Entries linking to knowable
Old English cnawan (class VII strong verb; past tense cneow, past participle cnawen), "perceive a thing to be identical with another," also "be able to distinguish" generally (tocnawan); "perceive or understand as a fact or truth" (opposed to believe); "know how (to do something)," from Proto-Germanic *knew- (source also of Old High German bi-chnaan, ir-chnaan "to know"), from PIE root *gno- "to know."
For pronunciation, see kn-. Once widespread in Germanic, the verb is now retained there only in English, where it has widespread application, covering meanings that require two or more verbs in other languages (such as German wissen, kennen, erkennen and in part können; French connaître "perceive, understand, recognize," savoir "have a knowledge of, know how;" Latin scire "to understand, perceive," cognoscere "get to know, recognize;" Old Church Slavonic znaja, vemi). The Anglo-Saxons also used two distinct words for this, the other being witan (see wit (v.)).
From c. 1200 as "to experience, live through." Meaning "to have sexual intercourse with," also found in other modern languages, is attested from c. 1200, from the Old Testament (Genesis iv.1). Attested from 1540s in colloquial phrases suggesting cunning or savvy (but often in the negative); to not know one's ass from one's elbow is from 1930.
As far as (one) knows "to the best of (one's) knowledge" is late 14c. Expression God knows is from c. 1400. To know too much (to be allowed to live, escape, etc.) is from 1872. To know better "to have learned from experience" is from 1704.
You know as a parenthetical filler is from 1712, but it has roots in 14c. You know as a euphemism for a thing or situation unmentionable is from 1867; you-know-who for a person it is thought best not to name (but implying the hearer knows) is from 1840.
As an expression of surprise, what do you know attested by 1914. Don't I know it in the opposite sense ("you need not tell me") is by 1841. You never know as a response to something unexpected is attested from 1924.
common termination and word-forming element of English adjectives (typically based on verbs) and generally adding a notion of "capable of; allowed; worthy of; requiring; to be ______ed," sometimes "full of, causing," from French -able and directly from Latin -abilis. It is properly -ble, from Latin -bilis (the vowel being generally from the stem ending of the verb being suffixed), and it represents PIE *-tro-, a suffix used to form nouns of instrument, cognate with the second syllables of English rudder and saddle (n.).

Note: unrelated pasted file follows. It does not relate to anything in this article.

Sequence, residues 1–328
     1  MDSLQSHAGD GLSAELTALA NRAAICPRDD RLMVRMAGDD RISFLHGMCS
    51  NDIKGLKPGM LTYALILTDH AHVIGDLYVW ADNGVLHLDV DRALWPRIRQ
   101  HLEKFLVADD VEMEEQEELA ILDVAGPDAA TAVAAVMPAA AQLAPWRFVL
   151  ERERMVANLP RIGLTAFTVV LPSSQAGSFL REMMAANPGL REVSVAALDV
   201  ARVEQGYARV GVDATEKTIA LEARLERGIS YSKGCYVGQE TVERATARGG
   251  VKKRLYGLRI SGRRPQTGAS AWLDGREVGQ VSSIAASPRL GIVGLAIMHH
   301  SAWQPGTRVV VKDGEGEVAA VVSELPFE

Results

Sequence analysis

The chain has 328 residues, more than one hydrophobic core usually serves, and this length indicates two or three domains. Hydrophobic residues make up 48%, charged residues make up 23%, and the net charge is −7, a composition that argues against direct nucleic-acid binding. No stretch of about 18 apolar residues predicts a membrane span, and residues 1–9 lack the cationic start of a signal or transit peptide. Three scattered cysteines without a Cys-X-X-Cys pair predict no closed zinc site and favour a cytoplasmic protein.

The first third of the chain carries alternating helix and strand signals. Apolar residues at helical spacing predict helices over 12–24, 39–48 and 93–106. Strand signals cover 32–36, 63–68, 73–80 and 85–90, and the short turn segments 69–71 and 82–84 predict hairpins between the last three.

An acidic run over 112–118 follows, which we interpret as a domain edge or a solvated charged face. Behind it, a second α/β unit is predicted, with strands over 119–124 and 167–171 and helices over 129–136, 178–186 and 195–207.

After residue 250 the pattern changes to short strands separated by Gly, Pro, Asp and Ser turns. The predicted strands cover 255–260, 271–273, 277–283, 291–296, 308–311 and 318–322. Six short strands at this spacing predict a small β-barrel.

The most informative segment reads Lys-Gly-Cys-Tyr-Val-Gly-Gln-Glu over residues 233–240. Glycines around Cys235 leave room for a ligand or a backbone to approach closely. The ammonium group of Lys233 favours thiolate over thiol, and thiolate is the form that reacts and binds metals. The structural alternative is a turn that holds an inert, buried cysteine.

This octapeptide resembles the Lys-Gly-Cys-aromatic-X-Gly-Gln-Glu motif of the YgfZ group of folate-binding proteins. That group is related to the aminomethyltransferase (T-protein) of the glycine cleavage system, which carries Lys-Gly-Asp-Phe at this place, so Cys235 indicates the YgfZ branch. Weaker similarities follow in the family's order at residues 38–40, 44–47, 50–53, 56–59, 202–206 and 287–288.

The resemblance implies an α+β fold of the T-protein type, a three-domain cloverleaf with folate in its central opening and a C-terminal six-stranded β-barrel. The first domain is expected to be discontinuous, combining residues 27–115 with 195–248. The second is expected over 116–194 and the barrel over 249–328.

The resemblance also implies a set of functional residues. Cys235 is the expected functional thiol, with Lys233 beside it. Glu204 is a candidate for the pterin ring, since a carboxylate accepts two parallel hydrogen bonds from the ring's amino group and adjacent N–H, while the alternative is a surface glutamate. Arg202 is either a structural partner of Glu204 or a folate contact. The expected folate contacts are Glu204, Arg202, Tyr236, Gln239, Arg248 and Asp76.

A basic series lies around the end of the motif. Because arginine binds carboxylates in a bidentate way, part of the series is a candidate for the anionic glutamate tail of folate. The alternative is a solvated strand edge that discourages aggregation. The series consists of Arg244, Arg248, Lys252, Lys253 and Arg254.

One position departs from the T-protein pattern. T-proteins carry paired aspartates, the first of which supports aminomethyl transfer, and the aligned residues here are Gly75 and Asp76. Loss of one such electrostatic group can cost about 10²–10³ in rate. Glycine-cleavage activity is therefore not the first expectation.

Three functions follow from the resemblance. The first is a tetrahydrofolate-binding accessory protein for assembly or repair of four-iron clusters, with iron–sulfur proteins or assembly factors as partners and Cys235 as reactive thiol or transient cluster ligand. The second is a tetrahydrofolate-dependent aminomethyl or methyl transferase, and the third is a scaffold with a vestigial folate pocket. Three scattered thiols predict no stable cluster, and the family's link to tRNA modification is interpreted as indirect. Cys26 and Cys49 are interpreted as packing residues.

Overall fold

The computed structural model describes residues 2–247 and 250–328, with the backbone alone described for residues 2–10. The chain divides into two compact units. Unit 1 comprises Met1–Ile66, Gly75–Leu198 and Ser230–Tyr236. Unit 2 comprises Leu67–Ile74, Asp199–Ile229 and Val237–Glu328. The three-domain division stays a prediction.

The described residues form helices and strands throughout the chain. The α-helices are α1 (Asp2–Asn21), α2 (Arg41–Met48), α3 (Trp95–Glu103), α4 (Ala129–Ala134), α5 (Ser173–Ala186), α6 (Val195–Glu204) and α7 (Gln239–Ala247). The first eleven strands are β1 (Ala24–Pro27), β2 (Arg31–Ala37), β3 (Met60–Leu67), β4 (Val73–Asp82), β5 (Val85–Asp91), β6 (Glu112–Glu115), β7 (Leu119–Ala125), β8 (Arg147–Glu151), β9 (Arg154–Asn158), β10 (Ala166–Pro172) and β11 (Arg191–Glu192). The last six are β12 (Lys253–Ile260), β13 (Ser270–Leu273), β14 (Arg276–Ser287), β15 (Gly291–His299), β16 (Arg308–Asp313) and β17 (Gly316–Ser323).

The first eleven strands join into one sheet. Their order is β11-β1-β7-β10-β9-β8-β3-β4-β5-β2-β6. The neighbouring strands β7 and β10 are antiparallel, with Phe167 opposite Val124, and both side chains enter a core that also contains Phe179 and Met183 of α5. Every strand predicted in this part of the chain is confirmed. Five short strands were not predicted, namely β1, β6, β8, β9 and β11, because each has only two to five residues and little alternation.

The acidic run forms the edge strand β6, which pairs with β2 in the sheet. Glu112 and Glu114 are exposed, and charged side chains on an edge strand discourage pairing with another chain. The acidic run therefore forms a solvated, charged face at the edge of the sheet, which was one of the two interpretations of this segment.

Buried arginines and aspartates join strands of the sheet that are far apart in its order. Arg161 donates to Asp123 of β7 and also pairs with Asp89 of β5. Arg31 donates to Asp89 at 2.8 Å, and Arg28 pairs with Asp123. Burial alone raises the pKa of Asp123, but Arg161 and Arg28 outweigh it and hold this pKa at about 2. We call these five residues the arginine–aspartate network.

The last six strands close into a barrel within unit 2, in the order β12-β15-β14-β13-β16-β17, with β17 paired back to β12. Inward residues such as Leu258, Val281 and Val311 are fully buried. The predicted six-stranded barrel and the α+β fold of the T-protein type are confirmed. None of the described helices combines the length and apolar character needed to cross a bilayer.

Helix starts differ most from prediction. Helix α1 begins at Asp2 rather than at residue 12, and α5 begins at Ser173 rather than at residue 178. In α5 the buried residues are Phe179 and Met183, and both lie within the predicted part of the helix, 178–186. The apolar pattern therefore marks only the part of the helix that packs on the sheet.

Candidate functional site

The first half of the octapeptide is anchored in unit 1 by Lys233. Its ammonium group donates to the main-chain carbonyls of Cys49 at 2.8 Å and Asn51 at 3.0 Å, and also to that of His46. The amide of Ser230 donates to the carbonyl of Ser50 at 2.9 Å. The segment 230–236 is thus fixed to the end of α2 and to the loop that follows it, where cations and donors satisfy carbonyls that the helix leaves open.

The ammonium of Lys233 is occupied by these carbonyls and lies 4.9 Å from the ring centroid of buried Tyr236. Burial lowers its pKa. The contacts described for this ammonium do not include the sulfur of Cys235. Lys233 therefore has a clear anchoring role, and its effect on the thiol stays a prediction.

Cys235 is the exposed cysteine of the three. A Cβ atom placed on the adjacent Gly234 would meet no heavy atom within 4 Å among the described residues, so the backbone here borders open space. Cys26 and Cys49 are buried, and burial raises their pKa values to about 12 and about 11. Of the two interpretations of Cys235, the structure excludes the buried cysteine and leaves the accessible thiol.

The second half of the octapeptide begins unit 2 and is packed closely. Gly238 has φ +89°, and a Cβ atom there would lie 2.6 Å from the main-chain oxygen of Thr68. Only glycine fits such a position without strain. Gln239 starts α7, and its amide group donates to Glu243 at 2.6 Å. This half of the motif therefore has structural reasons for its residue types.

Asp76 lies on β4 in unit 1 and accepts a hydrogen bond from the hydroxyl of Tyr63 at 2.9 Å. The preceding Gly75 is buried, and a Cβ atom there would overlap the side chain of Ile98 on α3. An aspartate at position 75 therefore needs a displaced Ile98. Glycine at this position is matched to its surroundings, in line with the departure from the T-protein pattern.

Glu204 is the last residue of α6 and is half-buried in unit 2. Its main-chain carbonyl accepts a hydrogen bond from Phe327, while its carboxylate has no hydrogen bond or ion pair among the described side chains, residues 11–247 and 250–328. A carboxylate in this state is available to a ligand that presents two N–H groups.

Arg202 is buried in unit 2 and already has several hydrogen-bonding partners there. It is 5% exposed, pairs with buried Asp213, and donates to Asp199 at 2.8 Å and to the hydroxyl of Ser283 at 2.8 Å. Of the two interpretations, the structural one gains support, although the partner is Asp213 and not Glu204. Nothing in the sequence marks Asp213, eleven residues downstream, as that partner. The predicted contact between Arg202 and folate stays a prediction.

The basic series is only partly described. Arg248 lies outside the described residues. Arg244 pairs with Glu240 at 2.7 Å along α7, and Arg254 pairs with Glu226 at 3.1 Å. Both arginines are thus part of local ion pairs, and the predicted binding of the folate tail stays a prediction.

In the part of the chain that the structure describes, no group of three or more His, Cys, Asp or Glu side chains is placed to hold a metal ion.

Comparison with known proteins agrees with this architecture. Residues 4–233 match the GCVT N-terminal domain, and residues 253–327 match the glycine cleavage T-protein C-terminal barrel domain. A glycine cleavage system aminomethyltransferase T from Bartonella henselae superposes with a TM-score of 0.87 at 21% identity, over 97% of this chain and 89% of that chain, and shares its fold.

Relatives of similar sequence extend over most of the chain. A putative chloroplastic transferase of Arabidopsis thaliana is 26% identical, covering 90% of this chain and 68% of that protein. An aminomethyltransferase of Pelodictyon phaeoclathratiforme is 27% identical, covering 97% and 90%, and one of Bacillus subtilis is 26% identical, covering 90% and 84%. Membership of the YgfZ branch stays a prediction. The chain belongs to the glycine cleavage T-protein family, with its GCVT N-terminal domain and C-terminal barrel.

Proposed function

A living element in English, used in new formations from either Latin or native words (readable, bearable) and also with nouns (objectionable, peaceable). Sometimes with an active signification (suitable, capable), sometimes of neutral signification (durable, conformable). It has become very elastic in meaning, as in a reliable witness, a playable foul ball, perishable goods. A 17c. writer has cadaverable "mortal."
To take a single example in detail, no-one but a competent philologist can tell whether reasonable comes from the verb or the noun reason, nor whether its original sense was that can be reasoned out, or that can reason, or that can be reasoned with, or that has reason, or that listens to reason, or that is consistent with reason; the ordinary man knows only that it can now mean any of these, & justifiably bases on these & similar facts a generous view of the termination's capabilities; credible meaning for him worthy of credence, why should not reliable & dependable mean worthy of reliance & dependence? [Fowler]
In Latin, -abilis and -ibilis depended on the inflectional vowel of the verb. Hence the variant form -ible in Old French, Spanish, English. In English, -able tends to be used with native (and other non-Latin) words, -ible with words of obvious Latin origin (but there are exceptions). The Latin suffix is not etymologically connected with able, but it long has been popularly associated with it, and this probably has contributed to its vigor as a living suffix.
updated on February 28, 2014
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